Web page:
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Fading In
By Michael Grant

The music industry isn't what it once was. There was a time when rock bands sold records hand over fist, but times have changed and those explosive sales numbers have gone extinct. Platinum albums have always been an accomplishment, but nowadays they seem to be the Holy Grail, an almost unattainable prize that has become scarcer with every song downloaded on the Internet. So, when a rock band comes along boasting that they've sold over one million records, Severe takes notice.

Crossfade is built on simplicity. They play rock n' roll without the bells and whistles, relying on the powerful draw of the guitar hook to pull in listeners. Self-described ten-year overnight successes, the Columbia, South Carolina-born trio hit it big in 2005 with the single "Cold," a rock radio favorite that carved a platinum lined path through the pop punk, emo invaders that have ruled the airwaves for what seems to be too many years to count.

We sat down with singer Ed Sloan to talk about Crossfade's self-titled debut, groupies, and how the radio went "Cold."

Severe: Ed Sloan, are yo living out your dream?

Sloan: Absolutely, man. I never imagined it would be quite like this though. It happened so fast. We still call it the ten-year overnight success.

Severe: Has success meant more work than you thought there would be?

Sloan: No, it's really not actually. I knew before we got out on the road what the rigors of the road were going to be like. I think the success that we've had at radio kind of took us by surprise a little bit though, from every time we get into a new city and go to visit one to four different radio stations during the day and doing that whole interview thing and singing acoustically. I wasn't expecting that. Everything else, it was pretty much as expected.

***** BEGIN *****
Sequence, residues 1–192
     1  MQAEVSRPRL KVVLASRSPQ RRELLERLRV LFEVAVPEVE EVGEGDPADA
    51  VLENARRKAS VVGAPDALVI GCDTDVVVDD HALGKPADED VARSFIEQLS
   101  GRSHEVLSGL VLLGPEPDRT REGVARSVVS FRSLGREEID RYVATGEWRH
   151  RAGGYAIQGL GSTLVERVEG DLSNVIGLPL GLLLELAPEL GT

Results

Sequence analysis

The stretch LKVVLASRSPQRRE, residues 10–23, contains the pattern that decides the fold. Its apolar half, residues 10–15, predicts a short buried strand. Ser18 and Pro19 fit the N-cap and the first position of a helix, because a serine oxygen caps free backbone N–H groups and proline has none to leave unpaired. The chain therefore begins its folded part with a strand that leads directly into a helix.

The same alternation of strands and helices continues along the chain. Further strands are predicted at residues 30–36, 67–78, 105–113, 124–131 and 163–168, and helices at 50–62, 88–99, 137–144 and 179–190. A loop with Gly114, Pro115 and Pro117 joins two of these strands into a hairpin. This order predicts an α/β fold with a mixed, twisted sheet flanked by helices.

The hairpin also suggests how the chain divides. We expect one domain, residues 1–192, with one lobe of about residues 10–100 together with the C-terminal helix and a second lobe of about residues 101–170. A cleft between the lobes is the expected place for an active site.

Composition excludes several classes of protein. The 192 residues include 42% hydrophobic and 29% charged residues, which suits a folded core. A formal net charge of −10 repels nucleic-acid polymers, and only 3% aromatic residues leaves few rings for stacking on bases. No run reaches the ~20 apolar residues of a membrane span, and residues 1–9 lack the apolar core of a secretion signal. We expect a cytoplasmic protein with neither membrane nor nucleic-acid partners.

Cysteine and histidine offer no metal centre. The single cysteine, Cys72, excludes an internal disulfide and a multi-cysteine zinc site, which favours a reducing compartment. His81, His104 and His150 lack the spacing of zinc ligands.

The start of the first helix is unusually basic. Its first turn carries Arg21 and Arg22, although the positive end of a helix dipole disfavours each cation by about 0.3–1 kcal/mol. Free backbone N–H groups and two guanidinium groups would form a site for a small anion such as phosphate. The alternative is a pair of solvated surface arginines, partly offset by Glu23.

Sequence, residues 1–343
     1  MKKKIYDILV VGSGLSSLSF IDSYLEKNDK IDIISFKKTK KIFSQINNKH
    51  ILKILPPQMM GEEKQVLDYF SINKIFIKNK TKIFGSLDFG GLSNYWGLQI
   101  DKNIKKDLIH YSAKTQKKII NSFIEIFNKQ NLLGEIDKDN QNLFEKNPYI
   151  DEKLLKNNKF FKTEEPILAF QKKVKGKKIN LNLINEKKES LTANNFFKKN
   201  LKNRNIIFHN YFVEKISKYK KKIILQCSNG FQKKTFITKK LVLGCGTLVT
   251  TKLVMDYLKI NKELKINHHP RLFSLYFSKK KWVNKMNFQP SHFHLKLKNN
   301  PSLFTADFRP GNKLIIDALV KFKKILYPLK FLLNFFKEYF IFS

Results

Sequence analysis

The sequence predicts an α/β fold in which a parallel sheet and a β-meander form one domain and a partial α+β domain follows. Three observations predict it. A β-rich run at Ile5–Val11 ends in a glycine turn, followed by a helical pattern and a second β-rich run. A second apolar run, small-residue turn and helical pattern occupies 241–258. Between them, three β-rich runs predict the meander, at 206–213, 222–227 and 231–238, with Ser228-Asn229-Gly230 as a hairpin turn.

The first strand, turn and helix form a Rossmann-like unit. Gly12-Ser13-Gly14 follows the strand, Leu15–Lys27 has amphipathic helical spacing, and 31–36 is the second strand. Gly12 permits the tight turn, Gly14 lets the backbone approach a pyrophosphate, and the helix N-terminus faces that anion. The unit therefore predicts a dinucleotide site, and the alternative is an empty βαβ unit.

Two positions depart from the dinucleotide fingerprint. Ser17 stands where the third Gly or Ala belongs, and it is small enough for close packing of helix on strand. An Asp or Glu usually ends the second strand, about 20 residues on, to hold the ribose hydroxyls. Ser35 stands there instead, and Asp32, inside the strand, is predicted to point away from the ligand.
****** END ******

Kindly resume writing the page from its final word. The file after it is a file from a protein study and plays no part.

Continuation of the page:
Severe: Is it easy to get caught up in the success?

Sloan: Well, I think we've all been able to stay pretty well grounded. We've got families at home and our lives keep us focused and keep us on the right track. I mean, we do have great times out on the road and a lot of times you can lose yourself in what's going on, but I think we're all staying really well grounded because we've got a lot going on and we don't want to throw it away or make any bad decisions.

Severe: You mentioned being a ten-year overnight success. After the band signed to Columbia, it still didn't happen right away and your album got shelved. Was that stressful?

Sloan: It was pretty stressful, but I think more for the other guys than for me. It was something that we all wanted and everyone worked so hard building up to the signing and then once we finally signed, I knew they were going to put it (the record) out. They shelved it like five times over the course of a year and three months, so it was disappointing, but I knew that at some point it was going to get its shot.

Severe: Was it one of those things where you had to convince family and friends that you really did sign to a label and that you actually had an album coming out? "Listen -- I know we've said this before, but I swear it's coming out -- very soon."

Sloan: (Laughter) Yeah, but at least they released "Cold" long before they normally would have, so at least we kind of got to see "Cold" grow organically in our hometown and watch it move up the charts around the country long before the CD was ever released.